The title of this article may confuse some people. You may be thinking “but animal rights is an issue that is in the mainstream all the time. When I walk through the city I see billboards campaigning for an end to live animal export to the Middle East. Same thing when I turn on my television. I see Jamie Oliver exposing the treatment of chickens in factory farms, or when I walk through the supermarket there are RSPCA ads telling me to choose cage-free eggs.” These, however, are not about animal rights at all. They are about promoting animal welfare which certainly is a mainstream issue.
The distinction between the two approaches is critical to understanding why the rights focus is finally gaining traction. Animal welfare involves promoting better treatment of animals by humans, whereas an animal rights ideology means striving for the abolition of humans’ use of animals, regardless of their treatment. While animal welfare campaigns try to improve the treatment of animals raised for food, clothing and so on, animal rights campaigns push to abolish the use of animals for all of these purposes.
The inescapable objective of this animal rights ideology therefore is the adoption and promotion of a lifestyle that avoids the use of animal-derived products — in a word, veganism.
Veganism is certainly not a term that enters the mainstream media or consciousness regularly but it seems that this is changing. A recent BBC radio documentary by Victor Schonfeld, the director of the influential 1981 documentary film The Animals, has given the issue new prominence, investigating how the way we treat animals has changed in the 30 years since he made that film.
The reality Schonfeld found was that the treatment of animals has not significantly improved in that time, if at all. This is despite all the money, time and energy spent by animal advocates on welfarism rather than promoting veganism. In fact, as leading animal rights lawyer and thinker Professor Gary L Francione explains, despite many decades of welfare campaigns, “we are using more nonhuman animals in more horrific ways than ever before in human history.” The promotion of welfarism has meant that people feel better about unnecessarily consuming “humane” animal products while animals still suffer in horrible “free-range” farms.
The BBC Radio piece drew quite a bit of attention, and about a week after it aired, the Guardian ran an opinion piece by Schonfeld titled “Five fatal flaws of animal activism“. That piece took a particularly strong animal rights approach, calling for animal advocacy groups to promote veganism as the “moral baseline” on the issue. He also criticised organisations which call themselves “animal rights organisations” while promoting an animal welfare approach rather than veganism.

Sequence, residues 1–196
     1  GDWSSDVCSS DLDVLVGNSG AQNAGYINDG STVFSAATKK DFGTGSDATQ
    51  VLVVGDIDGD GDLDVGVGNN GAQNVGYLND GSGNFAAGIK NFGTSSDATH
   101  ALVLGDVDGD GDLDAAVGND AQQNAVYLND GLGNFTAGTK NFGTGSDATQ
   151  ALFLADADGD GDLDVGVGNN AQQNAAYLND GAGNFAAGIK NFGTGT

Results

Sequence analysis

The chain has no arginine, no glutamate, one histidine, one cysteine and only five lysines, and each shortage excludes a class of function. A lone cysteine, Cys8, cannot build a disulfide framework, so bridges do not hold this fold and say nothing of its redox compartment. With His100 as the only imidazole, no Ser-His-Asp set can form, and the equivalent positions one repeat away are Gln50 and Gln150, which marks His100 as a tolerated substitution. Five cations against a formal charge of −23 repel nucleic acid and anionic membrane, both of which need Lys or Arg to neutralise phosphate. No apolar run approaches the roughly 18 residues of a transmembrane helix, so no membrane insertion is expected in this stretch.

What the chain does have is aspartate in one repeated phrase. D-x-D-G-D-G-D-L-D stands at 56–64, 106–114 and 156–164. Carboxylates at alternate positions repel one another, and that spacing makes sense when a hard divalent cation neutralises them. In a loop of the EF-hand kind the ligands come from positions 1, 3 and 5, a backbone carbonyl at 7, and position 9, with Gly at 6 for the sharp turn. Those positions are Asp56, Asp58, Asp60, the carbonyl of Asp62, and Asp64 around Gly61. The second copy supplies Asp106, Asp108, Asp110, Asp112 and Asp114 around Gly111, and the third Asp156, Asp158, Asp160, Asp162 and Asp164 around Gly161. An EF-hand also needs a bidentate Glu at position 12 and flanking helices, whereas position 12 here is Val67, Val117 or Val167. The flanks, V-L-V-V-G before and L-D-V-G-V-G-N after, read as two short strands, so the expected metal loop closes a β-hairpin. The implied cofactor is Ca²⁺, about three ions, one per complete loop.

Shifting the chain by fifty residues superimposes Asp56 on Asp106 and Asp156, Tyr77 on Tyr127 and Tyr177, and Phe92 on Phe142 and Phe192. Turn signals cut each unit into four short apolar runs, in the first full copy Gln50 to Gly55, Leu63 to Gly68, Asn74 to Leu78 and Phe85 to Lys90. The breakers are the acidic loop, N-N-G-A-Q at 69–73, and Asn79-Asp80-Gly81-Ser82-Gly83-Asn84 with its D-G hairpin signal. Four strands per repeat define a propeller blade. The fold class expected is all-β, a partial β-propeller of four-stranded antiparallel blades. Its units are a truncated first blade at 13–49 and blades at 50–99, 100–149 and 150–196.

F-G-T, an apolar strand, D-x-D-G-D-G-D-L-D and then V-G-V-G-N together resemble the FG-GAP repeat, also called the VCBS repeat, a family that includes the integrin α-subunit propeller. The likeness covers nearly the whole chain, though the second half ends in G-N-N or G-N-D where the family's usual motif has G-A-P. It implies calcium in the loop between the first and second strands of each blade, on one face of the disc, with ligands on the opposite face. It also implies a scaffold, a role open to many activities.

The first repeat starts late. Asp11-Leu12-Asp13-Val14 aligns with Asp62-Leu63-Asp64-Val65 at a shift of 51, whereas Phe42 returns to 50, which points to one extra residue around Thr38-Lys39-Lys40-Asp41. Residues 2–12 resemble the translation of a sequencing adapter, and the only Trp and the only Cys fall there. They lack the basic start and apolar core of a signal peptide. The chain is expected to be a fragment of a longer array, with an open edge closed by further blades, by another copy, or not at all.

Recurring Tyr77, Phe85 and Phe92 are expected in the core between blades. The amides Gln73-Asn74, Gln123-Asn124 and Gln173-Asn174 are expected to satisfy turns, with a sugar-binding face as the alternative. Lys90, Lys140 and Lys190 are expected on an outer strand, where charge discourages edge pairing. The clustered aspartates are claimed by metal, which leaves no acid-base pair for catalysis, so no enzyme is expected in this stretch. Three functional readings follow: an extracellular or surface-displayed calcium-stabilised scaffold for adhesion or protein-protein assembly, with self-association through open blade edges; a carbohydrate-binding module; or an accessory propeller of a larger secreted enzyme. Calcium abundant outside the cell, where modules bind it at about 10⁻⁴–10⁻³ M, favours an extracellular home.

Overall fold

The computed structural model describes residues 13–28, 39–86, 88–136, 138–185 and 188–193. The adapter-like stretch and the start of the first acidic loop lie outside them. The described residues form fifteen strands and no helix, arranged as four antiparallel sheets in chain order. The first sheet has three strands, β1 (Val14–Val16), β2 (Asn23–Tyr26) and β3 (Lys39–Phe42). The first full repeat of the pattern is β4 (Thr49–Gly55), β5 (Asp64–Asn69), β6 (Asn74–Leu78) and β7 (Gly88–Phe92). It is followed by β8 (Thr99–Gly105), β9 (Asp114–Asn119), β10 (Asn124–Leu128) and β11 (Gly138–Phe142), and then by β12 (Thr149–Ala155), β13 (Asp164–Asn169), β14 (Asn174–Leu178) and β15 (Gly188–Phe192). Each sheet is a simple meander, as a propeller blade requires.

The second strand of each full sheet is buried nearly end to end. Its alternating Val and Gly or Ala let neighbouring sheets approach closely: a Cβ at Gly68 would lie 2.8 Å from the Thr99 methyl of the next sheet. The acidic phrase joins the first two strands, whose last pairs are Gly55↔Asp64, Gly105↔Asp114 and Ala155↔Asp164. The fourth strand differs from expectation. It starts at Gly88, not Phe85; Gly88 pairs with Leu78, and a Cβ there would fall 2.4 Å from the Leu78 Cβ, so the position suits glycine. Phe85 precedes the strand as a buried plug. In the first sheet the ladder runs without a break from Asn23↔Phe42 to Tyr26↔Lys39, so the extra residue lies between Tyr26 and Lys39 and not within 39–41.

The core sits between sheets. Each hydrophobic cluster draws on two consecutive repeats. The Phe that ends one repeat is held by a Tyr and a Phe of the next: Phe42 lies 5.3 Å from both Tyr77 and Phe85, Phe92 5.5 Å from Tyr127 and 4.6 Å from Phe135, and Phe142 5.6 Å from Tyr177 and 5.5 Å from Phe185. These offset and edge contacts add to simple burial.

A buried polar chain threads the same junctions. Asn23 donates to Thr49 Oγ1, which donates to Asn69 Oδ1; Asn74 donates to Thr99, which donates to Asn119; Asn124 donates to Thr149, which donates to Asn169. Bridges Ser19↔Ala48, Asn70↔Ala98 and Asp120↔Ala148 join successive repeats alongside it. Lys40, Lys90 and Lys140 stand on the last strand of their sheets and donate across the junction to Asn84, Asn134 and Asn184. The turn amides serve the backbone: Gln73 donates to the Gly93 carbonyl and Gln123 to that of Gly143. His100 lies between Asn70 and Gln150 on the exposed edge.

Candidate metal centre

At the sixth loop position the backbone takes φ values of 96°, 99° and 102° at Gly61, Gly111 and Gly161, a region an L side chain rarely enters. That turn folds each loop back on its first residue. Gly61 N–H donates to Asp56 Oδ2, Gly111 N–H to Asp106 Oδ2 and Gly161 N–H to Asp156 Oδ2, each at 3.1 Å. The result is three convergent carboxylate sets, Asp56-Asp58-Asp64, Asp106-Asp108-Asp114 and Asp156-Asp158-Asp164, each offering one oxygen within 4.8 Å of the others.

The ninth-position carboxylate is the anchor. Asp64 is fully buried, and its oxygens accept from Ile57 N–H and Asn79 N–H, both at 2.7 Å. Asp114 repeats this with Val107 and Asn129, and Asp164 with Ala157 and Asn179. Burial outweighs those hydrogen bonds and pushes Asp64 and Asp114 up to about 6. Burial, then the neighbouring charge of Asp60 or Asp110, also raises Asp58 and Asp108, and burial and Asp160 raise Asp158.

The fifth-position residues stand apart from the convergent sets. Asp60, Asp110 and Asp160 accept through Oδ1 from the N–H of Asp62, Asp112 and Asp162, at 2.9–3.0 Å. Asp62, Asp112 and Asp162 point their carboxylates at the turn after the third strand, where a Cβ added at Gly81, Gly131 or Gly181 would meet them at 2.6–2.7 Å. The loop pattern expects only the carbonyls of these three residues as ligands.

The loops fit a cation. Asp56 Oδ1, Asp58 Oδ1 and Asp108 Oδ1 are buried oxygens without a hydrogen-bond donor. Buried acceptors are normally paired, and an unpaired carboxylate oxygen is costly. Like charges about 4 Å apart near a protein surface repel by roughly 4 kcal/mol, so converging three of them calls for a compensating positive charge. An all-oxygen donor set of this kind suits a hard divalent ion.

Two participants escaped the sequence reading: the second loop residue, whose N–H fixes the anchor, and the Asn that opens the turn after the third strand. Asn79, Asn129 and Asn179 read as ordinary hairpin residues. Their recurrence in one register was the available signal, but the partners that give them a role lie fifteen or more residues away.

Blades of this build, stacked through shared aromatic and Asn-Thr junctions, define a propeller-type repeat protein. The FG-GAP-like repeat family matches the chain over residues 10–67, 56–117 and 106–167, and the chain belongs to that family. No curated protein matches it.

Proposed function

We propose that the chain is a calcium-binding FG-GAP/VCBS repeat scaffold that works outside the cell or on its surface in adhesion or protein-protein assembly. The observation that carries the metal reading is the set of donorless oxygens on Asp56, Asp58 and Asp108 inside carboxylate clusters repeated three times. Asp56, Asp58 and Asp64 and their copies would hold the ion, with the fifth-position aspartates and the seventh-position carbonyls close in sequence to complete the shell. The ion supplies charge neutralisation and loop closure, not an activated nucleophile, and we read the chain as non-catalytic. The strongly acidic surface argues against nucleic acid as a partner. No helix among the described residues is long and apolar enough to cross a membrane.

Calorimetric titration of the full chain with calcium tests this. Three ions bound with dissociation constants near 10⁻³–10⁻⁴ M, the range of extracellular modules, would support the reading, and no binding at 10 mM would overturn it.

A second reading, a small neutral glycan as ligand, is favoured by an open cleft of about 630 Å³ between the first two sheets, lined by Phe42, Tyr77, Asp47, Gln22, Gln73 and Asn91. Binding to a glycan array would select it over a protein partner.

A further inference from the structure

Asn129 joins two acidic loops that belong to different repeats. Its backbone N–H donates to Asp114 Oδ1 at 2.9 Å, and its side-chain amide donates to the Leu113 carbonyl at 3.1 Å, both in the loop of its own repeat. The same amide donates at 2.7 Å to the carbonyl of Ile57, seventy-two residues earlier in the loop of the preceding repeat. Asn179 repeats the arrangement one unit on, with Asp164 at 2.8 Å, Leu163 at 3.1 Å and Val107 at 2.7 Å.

At the same time, growing public unease over the treatment of animals has seen calls for the adoption of veganism make it into the opinion pages of the New York Times.
This recent mainstreaming of the animal rights approach to the issue of animal suffering goes hand-in-hand with the mainstreaming of the views of Francione, who was featured in Schonfeld’s doco. The call for veganism to be seen as the moral baseline on the issue is one Francione also makes regularly.
In 1996, Francione wrote the book Rain Without Thunder: The Ideology of the Animal Rights Movement, criticising the welfarism of large animal advocacy organisations which “still leave the systems of exploitation intact”, and called for the animal advocacy movement to promote veganism instead. Not surprisingly, those large organisations have not popularised or adopted Francione’s arguments, instead promoting books by philosophers such as Peter Singer who defends welfarism.
Indeed, in her response to Schonfeld’s critique of the welfarist tactics of organisations like hers, Ingrid Newkirk, co-founder and President of People for the Ethical Treatment of Animals (PETA), relied on Singer’s philosophy. From the perspective of the animal rights movement however, the fact that she even had to defend PETA’s welfarism (and chronic sexism) showed the growing strength of their influence.
Like so many other social movements, the animal rights cause has been greatly assisted by the opportunities presented by online dissemination of its argument. Irish sociologist Roger Yates has labelled the establishment of Francione’s blog “Animal Rights: The Abolitionist Approach” in 2006 as the beginning of the animal rights movement (as opposed to the welfarist approach).
Interestingly, apart from challenging the welfarism of the large animal advocacy organisations, the animal rights movement is questioning the need for organisations at all. Animal rights activists are using the internet to cheaply distribute their own leaflets, videos, blogs, articles, podcasts and much more, without needing help from organisational structures.
An example of this is a global online campaign called “The World is Vegan, If You Want It” (referencing John Lennon and Yoko Ono’s anti-Vietnam War billboard campaign “War Is Over … if you want it”). This campaign has been launched by Francione with zero funding or organisational support but rather with the creativity and dedication of people from all around the world who are producing banners and displaying them online to promote veganism.
While ideas about animal rights are nothing new, the forums in which they are beginning to appear are. It’s often observed that there’s a big gap between niche interests which thrive online and mainstream issues which gain attention in the mass media. With the recent visibility of the animal rights issue it looks like this is a gap that the movement has just crossed.
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